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The following is from the Law Society of Upper Canada’s June 2016 e-Bulletin Resources for Lawyers.

The Rules of Professional Conduct (the “Rules”) with respect to Doing Business with a Client (now called Transactions with Clients) were amended on May 26, 2016.

New Definition

The term “transaction with a client” is now defined in rule 3.4-27 as follows:

a transaction to which a lawyer and a client of the lawyer are parties, whether or not other persons are also parties, including lending or borrowing money, buying or selling property or services having other than nominal value, giving or acquiring ownership, security or other pecuniary interest in a company or other entity, recommending an investment, or entering into a common business venture.

Borrowing from Clients

A lawyer is prohibited from borrowing from a client, unless the lawyer is borrowing from a regulated lender or from a related person (r. 3.4-28.1). New definitions for the terms “regulated lender” and “related person” are set out in rule 3.4-27.

Indirect Transactions

Lawyers are also prohibited from circumventing the Rules by doing indirectly what they cannot do directly (r. 3.4-28.2). Transactions between a client and (a) a related person to the lawyer, (b) a trust or estate for which a lawyer is a beneficiary, or (c) a trust or estate for which the lawyer acts as both trustee and lawyer will ordinarily be treated as if the lawyer is a party to the transaction. However, the commentary to rule 3.4-28.2 explains that some transactions will fall outside the scope of this rule.

Requirements for Transactions with Clients

A lawyer must not enter into a transaction with a client unless the transaction is fair and reasonable to the client (r. 3.4-28). In a transaction with a client that is permitted under rules 3.4-28 to 3.4-36, rule 3.4-29 describes the requirements that apply. The essential requirements are:

  • disclosure of the nature of any conflicting interest and how and why it might develop later;
  • independent legal advice or independent legal representation; and
  • consent.

Whether independent legal advice or independent legal representation is required will vary based on the nature of the transaction:

  • If a lawyer lends money to a client who is not a related person, the lawyer must require that the client receives independent legal representation (r. 3.4-29(b)(i)).
  • If a lawyer lends money to a client who is a related person, the lawyer must require that the client receive independent legal advice (r. 3.4-29(b)(ii)).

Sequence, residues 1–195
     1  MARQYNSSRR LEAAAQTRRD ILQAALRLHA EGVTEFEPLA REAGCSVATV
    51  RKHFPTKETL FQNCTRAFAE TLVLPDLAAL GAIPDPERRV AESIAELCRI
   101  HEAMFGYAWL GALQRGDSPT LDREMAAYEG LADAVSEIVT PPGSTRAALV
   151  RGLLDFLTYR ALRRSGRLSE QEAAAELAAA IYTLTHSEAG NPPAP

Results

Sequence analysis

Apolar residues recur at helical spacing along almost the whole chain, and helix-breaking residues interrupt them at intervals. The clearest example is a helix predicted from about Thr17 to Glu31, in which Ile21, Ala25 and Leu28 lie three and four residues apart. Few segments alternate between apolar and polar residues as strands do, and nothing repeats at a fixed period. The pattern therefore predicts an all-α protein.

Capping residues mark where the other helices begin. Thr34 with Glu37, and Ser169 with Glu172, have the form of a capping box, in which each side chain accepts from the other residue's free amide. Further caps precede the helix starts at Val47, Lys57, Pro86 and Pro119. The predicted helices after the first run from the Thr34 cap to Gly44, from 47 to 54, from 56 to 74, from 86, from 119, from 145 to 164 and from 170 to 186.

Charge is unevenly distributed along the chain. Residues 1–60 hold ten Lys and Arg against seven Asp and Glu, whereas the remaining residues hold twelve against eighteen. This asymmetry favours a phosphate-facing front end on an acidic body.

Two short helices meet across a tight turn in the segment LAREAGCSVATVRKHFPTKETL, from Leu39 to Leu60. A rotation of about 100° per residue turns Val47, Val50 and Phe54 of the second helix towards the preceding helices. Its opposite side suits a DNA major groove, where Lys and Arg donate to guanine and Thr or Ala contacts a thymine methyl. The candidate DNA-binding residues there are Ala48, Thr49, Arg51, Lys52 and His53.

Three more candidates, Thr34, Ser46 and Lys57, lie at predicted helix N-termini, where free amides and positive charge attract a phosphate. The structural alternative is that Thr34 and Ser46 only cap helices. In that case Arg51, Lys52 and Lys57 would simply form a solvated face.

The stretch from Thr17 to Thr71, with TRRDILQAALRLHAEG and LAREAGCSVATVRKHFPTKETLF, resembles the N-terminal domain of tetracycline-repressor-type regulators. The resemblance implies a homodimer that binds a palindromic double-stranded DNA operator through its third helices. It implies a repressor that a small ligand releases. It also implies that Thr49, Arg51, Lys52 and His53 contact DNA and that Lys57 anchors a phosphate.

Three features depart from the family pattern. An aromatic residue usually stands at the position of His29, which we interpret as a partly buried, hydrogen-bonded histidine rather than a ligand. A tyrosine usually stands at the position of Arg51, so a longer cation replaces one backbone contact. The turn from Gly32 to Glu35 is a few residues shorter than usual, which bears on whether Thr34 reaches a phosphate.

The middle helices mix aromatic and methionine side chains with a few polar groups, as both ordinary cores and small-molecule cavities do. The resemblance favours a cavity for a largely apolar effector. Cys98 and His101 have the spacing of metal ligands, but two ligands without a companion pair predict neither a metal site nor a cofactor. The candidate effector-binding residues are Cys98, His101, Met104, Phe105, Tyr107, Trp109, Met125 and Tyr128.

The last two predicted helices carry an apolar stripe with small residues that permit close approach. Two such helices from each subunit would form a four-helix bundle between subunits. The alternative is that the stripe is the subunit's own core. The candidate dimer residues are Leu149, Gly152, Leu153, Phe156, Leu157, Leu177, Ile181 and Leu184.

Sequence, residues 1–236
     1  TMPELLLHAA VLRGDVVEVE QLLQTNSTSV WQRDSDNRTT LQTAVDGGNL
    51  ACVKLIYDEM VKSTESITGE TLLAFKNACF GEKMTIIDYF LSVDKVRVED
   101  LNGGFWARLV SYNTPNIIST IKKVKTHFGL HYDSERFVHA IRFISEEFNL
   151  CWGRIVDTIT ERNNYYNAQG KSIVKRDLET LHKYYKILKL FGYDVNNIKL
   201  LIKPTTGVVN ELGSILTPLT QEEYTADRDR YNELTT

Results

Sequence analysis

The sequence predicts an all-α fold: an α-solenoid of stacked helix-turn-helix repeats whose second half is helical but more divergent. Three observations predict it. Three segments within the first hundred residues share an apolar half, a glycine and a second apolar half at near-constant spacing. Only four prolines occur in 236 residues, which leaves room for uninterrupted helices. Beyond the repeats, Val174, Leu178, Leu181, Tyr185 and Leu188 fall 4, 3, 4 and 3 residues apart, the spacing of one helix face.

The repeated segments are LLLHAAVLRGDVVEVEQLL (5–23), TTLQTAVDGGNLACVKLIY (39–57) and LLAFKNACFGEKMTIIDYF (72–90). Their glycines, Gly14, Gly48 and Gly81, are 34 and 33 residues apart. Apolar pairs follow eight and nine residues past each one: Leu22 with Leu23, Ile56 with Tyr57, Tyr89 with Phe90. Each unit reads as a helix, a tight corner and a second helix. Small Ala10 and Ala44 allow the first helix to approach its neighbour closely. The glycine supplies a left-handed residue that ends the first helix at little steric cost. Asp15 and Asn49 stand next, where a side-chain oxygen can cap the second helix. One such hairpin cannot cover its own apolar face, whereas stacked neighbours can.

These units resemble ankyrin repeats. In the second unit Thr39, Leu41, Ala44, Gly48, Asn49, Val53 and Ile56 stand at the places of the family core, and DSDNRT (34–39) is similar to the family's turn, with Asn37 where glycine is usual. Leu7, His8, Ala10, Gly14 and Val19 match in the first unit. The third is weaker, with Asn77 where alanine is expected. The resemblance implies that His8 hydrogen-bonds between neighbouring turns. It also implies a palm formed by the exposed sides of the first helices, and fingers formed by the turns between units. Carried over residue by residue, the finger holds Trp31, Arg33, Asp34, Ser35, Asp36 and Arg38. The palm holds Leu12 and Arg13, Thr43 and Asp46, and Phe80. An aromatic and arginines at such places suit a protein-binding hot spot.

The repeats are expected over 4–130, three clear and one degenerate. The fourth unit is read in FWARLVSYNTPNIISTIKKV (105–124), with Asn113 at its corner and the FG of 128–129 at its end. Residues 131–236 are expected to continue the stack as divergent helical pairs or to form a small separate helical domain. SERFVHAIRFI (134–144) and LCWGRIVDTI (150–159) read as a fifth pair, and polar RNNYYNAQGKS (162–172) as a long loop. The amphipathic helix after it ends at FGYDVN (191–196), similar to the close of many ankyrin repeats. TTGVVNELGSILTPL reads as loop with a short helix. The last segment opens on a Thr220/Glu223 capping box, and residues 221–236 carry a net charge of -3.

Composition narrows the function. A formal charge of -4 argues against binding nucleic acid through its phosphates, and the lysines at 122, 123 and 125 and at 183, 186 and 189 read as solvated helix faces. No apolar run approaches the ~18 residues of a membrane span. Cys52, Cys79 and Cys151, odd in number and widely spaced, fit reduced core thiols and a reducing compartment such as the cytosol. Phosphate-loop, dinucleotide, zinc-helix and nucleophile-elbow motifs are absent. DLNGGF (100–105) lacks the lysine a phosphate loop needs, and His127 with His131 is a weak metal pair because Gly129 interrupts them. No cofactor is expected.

• If a lawyer borrows money from a client who is a “regulated lender”, the lawyer need not recommend independent legal advice or independent legal representation (r. 3.4-29(b)(iii)).
  • The circumstance in which a corporation, syndicate, or partnership borrows money from a client of the lawyer and either the lawyer or the lawyer’s spouse have a direct or indirect substantial interest in the transaction is addressed in rule 3.4-33.1. In that situation, the lawyer must require that the client receives independent legal representation (r. 3.4-29(iv)).
  • In all other cases not described in rule 3.4-29(b)(i) through (iv), the lawyer must recommend that the client receive independent legal advice. If the circumstances reasonably require, the lawyer must recommend or require that the client receives independent legal representation.
  • Fiduciary Relationship and No Conflict of Interest

    As the relationship between a lawyer and client is a fiduciary one, a lawyer has a duty to act in good faith (commentary to r. 3.4-29). A lawyer should be able to demonstrate that the transaction with the client is fair and reasonable to the client.

    Even if the requirements for transactions with clients set out above are satisfied, the lawyer cannot act in a transaction with a client where there is a substantial risk that the lawyer’s loyalty to or representation of the client would be materially and adversely affected by the lawyer’s own interest, unless the client consents and the lawyer reasonably believes that he or she is able to act for the client without having a material adverse effect on loyalty or on the representation (commentary [2] of r. 3.4-29; see also rr. 1.1-1 and 3.4-1).

    Further Guidance:

    The commentary following rule 3.4-29 provides additional guidance about when a person is considered to be lending money to a lawyer, the documentation of a client’s decision to decline independent legal advice or independent legal representation, and the possibility that a client is vulnerable and declines independent legal advice or independent legal representation.

    The Rules in this area are complex. For more information on the amendments and a lawyer’s obligations in transactions with clients, please consult the Rules and the resources below.